The past fortnight has seen some fascinating discussion online of Variation: The Sunbeam, David W. Griffith, 1912, a short produced and posted by Aitor Gamexto. Gametxo, who is a Spanish film student, has created a really smart 'spatial re-mix' of Griffith's 1912 drama by locating each of the five set-ups of the fifteen-minute original in the same frame (for an example, see above). He runs the action simultaneously - and the result is truly remarakable. For commentary, read Kevin Lee's Fandor essay and then Kristin Thompson at Observations on film art. (Thompson recommends you view the integral version of The Sunbeam first, which you can do on YouTube here.) In the jump, as usual at this time of the week, nine further free viewing recommendations.
• DVD of the week: The Long, Long Trailer: a brilliant, brief (three minutes) analysis of Vincente Minnelli's 1953 comedy with Lucille Ball and Desi Arnaz; The New Yorker's Richard Brody also explains why he chose this film to feature in the magazine's issue commemorating the tenth anniversary of 9/11.
• 7 Must-see What's My Line episodes: I've come late to Brain Pickings (curating neat stuff, basically), but I'm now a fan - and here's one of this week's offerings, with five celebs (including Salvador Dali and Lucille Ball), a girdle-tester and the show's 1967 finale.
• The Doris Day Special: Hollywood kitsch at its most cherishable - a US television show from 1971 with Doris herself, Perry Como and, yes, Rock Hudson; available courtesy of BBC iPlayer until 16 September.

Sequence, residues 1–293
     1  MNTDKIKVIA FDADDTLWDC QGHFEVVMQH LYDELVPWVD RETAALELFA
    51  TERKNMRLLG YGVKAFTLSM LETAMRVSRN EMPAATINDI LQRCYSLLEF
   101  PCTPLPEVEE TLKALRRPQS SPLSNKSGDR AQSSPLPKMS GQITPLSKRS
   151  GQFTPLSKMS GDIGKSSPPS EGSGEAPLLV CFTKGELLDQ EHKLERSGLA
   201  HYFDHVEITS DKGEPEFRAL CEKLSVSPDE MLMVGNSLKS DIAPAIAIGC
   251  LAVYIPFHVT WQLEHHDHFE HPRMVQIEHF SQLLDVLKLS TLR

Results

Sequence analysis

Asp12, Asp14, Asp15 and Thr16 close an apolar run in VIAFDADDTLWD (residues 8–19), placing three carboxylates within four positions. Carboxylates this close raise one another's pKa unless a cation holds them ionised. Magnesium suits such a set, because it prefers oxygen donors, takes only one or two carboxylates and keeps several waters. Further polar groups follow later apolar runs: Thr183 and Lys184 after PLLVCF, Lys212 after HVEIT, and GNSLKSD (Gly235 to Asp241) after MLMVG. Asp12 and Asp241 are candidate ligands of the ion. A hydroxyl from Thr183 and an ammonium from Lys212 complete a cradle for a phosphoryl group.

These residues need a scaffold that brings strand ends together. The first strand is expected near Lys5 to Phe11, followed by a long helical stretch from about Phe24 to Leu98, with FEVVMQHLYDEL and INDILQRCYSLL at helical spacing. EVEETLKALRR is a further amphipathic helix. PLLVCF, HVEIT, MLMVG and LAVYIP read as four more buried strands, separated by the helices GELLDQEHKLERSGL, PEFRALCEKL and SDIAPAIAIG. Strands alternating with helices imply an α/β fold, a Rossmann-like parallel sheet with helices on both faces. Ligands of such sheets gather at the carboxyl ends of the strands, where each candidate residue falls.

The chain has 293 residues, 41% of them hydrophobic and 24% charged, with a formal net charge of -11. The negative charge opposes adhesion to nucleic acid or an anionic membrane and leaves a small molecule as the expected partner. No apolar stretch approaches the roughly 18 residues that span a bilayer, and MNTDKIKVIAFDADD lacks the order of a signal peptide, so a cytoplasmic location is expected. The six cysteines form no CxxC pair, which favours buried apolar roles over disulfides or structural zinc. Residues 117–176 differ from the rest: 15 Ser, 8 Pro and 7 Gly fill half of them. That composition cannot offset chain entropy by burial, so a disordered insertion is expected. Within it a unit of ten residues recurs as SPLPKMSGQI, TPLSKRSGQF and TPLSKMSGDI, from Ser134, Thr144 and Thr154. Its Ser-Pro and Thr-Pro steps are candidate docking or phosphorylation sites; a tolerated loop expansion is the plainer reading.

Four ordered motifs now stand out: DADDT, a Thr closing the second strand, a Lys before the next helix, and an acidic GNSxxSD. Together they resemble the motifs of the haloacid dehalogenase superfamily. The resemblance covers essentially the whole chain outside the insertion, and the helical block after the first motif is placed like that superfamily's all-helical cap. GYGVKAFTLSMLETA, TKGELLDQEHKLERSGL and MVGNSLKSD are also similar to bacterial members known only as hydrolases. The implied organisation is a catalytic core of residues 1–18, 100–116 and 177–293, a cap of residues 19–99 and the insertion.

• Werner Herzog on Into the Abyss: nearly seven minutes with the master talking about his new documentary from death row, courtesy of the Guardian.
• The Unbearable Lightness of Being: on BBC iPlayer (including for download), director Philip Kaufman's interpretation of Milan Kundera's philosophical novel, with Daniel Day-Lewis and Lena Olin; the script is by Jean-Claude Carrière, to whom David Bordwell pays tribute here.
• Touching the Film Object?: a fascinating and thought-provoking video essay by Catherine Grant about 'haptic visuality' in film studies - crudely, the evocation of touch in film and the experience of watching film; there is an associated online essay at filmanalytical.
• The Turn of the Screw from Glyndebourne: I know this is a re-run, but it's glorious and you only have two more days to watch - the Guardian's live stream (as-live now) of Benjamin Britten's masterpiece.
• 100 Years / Style / East London: OK, I know this is a promo film for a New Westfield development, but it's still pretty great.
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